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A partially deaf New Jersery sheriff must investigate the NYPD officers he idolizes--potentially exposing the evil doings of some of New York's finest.
For more about Cop Land and the Cop Land Blu-ray release, see Cop Land Blu-ray Review published by Jeffrey Kauffman on October 31, 2011 where this Blu-ray release scored 3.5 out of 5.
Starring: Sylvester Stallone, Harvey Keitel, Ray Liotta, Robert De Niro, Peter Berg, Janeane Garofalo
Director: James Mangold
» See full cast & crew
Cop Land Blu-ray Review
Can you hear me now?
Reviewed by Jeffrey Kauffman, October 31, 2011
In the heyday of the Hollywood studio system, the biggest stars were frequently shoehorned into one typecast role after another, and they rarely if ever were expected to Act (with a capital A) in a showy, overtly demonstrative way. Sometime after the decline of the studio system, when stars were more responsible (in both good and bad ways) for their own careers, it became more of a rite of passage for big draws to de-glam themselves and go for that Academy Award with a performance that defied expectations and proved they were more than just pretty faces or hunks of beefcake. Marilyn Monroe, a star who kind of straddled the transition from the studio system to more personally run careers, did this quite convincingly in Bus Stop, a film which was greeted with a famous review stating, "Meet Miss Monroe: Actress" (a review I mentioned in my review of the Blu-ray release of The Lincoln Lawyer). Other stars in the sixties and beyond regularly played against type and eschewed Hollywood glamour (think of Elizabeth Taylor in Who's Afraid of Virginia Woolf? for a good example), often raking in critical acclaim and, yes, that sought after Oscar in the process. One gets the impression that the 1997 film Cop Land might have been designed, at least in part, to do the same sort of job for Sylvester Stallone, here at least somewhat cast against type as a semi-deaf, overweight sheriff of a small New Jersey town across the river from New York City, a town where a bevy of actual New York City policeman have come to live and who have set up their own private "the law can't touch me" domain. Stallone is on record as stating the film did the exact opposite for his career, beginning an eight year or so journey through a wasteland where no one would hire him to portray him for his usual stock in trade action roles but who similarly wouldn't bring him on board to essay something more character driven. So much for the vagaries of show business. Looking back on it with 20/20 hindsight, while Cop Land is certainly a flawed film and one a bit too full of its top tier casting for its own good, Stallone actually comes out of the picture looking surprisingly good, with a nicely understated performance that proves that, yes, he can act. Meet Mr. Stallone: Actor.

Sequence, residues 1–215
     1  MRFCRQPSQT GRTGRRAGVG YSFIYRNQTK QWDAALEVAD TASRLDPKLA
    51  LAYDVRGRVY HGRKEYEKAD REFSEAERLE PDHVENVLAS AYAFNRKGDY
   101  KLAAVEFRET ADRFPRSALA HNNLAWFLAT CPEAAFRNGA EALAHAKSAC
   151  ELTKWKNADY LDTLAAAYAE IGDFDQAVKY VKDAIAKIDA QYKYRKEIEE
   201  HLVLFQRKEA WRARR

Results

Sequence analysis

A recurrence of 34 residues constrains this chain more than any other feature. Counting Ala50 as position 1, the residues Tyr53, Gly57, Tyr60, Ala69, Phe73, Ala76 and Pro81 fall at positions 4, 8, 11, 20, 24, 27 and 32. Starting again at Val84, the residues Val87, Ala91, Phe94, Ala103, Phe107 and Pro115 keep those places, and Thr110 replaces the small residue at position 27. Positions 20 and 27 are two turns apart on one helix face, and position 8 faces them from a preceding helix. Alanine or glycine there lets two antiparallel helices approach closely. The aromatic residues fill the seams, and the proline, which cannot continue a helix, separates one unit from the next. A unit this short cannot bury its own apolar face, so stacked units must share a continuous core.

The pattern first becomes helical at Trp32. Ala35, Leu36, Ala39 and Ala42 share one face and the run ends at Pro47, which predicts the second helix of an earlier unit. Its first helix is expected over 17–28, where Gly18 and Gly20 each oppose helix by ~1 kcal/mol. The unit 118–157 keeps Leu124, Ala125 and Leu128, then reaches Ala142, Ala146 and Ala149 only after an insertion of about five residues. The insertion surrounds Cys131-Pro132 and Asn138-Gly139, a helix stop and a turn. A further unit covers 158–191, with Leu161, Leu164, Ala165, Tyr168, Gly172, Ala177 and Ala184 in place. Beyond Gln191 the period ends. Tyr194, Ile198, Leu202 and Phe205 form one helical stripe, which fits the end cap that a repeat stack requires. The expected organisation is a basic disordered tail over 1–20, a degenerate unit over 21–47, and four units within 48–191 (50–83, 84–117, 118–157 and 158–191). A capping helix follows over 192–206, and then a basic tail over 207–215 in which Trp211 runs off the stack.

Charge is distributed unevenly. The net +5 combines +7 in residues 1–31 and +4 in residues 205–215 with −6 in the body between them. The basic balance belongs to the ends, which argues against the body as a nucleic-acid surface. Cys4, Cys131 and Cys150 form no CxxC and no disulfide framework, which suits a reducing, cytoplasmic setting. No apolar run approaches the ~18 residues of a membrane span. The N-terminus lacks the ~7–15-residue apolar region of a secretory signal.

Stallone portrays Freddy Heflin, a sweet natured if slightly screwed up middle aged man who has definitely seen better days. Freddy drinks too much, isn't above raiding a local parking meter for spare change to play his favorite pinball machines, and due to a long ago heroic rescue (something that plays out none too subtly as the film progresses), is deaf in one ear. Freddy spends most of his professional life chasing truants out of alleys or chasing after the occasional speeder who zooms through his (fictional) town of Garrison, New Jersey, supposedly on the other side of the George Washington Bridge from Manhattan. Cop Land introduces Freddy as well as a glut of other characters in a careening first few minutes which is arguably the film's strongest single sequence. In rapid succession we get shorthand character sketches of Freddy, as well as a handful of New York cops, many of whom have moved (more or less illegally since New York requires its police force to reside within the city limits) to Garrison to escape the madness of New York City. Among these are Lt. Ray Donlan (Harvey Keitel) and his nephew Murray "Superboy" Babitch (Michael Rapaport) who are among many attendees at a bachelor party. Babitch ditches the party early and starts on his way home when he's sideswiped by some crack smoking African American teens. At almost the same moment his front tire blows, and he mistakenly thinks he's being shot at. He returns fire, killing the two youths right there in the middle of the bridge. A coterie of cops and other emergency workers arrive, and Donlan and his cronies, including Officer Jack Rucker (Robert Patrick) and Detective Leo Crasky (John Spencer) quickly attempt to come up with a ruse to save "Superboy"'s reputation and career, first trying to plant a weapon on the dead kids, and then making it seem like "Superboy" has jumped off the bridge to his demise. That ruse sets up the central conflict of the film, as in reality "Superboy" is being secreted away to Garrison by Donlan and his buddies, and Internal Affairs investigator Moe Tilden (Robert De Niro) is soon hot on their trail, trying to figure out not just what's going on vis a vis "Superboy," but also some other troubling aspects to the cops' lives in Garrison.